By Adam Newman
The African continent’s first professional UCI Continental team is off to a fast start, but its success will do more than just sell bikes, it is providing them to rural Africans as a way to get to school, visit a doctor, get clean water, or start a business.
The MTN-Qhubeka team (“qhubeka” is a Nguni word meaning “to progress”) has progressed straight to the podium after receiving a wildcard entry to the nearly 300-mile Milan-San Remo race in Italy and then putting its sprinter Gerald Ciolek across the finish line first.
It was a day to be remembered not only for the win, but because Ciolek’s teammate Songezo Jim was the first black South African to start a WorldTour event and because the weather conditions were so severe the race organizers were forced to reroute the racers by bus around a snowed-in mountain pass.
But the real heroes are back in Africa, where rural South Africans received Buffalo Bicycles in exchange for planting 100 saplings for a reforestation project or for removing more than 2,500 lbs. of refuse from their village. The bicycle can increase the workload of a person more than five times, and they can travel 75 percent faster or further.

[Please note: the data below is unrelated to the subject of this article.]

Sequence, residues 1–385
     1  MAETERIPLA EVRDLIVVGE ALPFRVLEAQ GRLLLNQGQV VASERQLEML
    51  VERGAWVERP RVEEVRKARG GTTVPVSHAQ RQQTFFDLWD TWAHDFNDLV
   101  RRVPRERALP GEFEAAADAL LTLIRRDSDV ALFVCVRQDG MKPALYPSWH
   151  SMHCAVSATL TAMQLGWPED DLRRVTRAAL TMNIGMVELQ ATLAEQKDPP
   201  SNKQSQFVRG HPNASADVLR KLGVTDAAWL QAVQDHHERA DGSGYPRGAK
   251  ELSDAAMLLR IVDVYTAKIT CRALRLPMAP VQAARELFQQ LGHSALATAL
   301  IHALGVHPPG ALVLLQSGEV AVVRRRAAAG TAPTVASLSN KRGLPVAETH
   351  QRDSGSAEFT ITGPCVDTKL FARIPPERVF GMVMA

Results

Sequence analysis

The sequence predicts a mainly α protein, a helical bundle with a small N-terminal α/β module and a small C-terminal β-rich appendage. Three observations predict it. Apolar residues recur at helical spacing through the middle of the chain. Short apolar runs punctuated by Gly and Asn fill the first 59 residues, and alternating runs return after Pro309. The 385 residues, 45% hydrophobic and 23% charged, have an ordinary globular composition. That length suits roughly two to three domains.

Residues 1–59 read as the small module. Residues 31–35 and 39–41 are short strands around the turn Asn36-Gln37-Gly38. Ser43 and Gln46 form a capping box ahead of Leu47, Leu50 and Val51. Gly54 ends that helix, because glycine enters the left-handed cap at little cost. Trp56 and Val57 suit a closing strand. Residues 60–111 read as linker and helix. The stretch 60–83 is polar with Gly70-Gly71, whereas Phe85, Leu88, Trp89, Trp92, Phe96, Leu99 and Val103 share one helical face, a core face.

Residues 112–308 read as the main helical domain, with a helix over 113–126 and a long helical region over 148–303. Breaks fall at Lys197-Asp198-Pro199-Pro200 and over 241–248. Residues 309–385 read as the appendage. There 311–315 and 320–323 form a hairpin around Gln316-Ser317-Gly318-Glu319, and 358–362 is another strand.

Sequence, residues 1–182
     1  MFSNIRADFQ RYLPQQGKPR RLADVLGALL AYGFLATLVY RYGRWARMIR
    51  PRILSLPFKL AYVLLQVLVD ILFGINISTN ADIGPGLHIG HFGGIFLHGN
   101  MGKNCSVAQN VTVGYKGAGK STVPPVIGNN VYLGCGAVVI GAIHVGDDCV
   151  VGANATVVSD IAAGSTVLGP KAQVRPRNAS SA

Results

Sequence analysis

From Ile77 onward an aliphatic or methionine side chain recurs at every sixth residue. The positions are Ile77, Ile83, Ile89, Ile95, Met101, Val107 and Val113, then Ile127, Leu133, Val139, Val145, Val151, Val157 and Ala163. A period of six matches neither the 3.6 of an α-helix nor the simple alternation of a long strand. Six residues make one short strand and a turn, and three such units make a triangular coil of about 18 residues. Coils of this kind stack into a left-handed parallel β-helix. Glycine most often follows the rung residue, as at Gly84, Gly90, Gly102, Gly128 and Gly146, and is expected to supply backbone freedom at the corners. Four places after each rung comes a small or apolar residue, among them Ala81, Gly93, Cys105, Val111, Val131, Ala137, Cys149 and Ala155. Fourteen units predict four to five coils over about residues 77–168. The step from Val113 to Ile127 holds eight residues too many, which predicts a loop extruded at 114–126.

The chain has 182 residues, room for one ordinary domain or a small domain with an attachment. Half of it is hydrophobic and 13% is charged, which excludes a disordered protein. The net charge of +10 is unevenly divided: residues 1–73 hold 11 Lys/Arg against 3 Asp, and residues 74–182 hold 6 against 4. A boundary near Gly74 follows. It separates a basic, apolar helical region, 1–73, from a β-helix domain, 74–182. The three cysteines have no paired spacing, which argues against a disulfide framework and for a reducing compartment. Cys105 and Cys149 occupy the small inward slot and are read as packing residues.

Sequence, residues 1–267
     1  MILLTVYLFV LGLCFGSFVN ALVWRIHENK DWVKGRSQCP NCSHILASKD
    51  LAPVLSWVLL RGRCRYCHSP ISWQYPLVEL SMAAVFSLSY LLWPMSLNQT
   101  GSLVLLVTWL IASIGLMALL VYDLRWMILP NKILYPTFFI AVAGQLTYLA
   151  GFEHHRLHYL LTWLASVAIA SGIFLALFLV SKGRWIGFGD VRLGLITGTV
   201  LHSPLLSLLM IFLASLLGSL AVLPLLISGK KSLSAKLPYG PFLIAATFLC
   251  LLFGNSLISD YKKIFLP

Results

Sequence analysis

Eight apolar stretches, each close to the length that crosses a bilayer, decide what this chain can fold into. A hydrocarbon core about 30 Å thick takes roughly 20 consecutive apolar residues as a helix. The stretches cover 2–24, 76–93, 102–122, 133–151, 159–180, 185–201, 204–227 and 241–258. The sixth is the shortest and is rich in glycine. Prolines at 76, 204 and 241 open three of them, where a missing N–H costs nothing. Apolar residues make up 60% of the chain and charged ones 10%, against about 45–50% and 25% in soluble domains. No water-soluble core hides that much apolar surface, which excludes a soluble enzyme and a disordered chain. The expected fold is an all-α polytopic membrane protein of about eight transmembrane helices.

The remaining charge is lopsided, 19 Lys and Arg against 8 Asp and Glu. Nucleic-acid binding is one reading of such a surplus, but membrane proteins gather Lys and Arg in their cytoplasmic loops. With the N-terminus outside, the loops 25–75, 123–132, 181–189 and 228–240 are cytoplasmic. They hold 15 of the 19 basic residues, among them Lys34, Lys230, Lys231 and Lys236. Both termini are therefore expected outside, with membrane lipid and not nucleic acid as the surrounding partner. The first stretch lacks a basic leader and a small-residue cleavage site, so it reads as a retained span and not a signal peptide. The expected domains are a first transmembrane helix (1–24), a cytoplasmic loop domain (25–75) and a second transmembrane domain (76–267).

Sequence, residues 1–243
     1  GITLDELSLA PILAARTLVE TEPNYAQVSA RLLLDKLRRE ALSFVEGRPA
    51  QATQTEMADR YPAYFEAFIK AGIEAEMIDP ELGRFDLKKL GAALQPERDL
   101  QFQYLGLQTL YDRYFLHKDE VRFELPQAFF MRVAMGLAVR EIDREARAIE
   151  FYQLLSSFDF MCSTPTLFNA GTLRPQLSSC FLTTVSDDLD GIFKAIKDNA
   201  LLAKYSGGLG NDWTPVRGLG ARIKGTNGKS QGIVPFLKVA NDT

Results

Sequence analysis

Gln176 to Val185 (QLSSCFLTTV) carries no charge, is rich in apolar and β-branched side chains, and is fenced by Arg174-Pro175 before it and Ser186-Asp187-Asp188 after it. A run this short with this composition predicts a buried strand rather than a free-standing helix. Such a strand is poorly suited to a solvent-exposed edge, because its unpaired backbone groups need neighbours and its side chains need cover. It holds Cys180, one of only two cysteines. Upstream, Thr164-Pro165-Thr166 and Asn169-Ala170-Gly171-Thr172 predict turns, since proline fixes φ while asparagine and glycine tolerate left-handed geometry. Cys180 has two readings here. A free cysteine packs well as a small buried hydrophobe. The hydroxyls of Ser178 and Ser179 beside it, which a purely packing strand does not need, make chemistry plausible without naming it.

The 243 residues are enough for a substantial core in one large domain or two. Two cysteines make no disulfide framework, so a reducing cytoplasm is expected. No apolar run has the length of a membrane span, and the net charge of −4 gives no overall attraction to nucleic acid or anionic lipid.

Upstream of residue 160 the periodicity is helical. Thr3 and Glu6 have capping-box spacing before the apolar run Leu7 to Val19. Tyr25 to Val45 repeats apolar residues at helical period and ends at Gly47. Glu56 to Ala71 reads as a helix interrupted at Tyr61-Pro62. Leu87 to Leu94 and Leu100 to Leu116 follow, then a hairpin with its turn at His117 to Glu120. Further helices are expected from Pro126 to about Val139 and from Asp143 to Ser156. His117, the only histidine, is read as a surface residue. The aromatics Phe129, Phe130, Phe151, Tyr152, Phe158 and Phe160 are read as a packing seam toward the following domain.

The Qhubeka project isn’t new, since 2004 this volunteer-based organization has partnered with World Bicycle Relief to donate more than 40,000 bikes. It is funded by bike sales, corporate donors, events, and consulting. Since the race team rides Trek bikes, each time a Trek customer chooses a bike with the Qhubeka paint scheme, Trek will donate $200 to the Qhubeka project. You can bet there will be a big increase in sales after Ciolek’s win.
The bikes in Africa, on the other hand, are specially designed to handle the rigors of rural life. They have heavy-guage steel frames; sturdy wheels and tires; a weatherproof coaster brake; and can carry more than 200 lbs. The parts are made in Asia, and the bikes are assembled in World Bicycle Relief facilities in Africa, by Africans.
Watch for more victories by Team MTN-Qhubeka and by the Qhubeka project in Africa.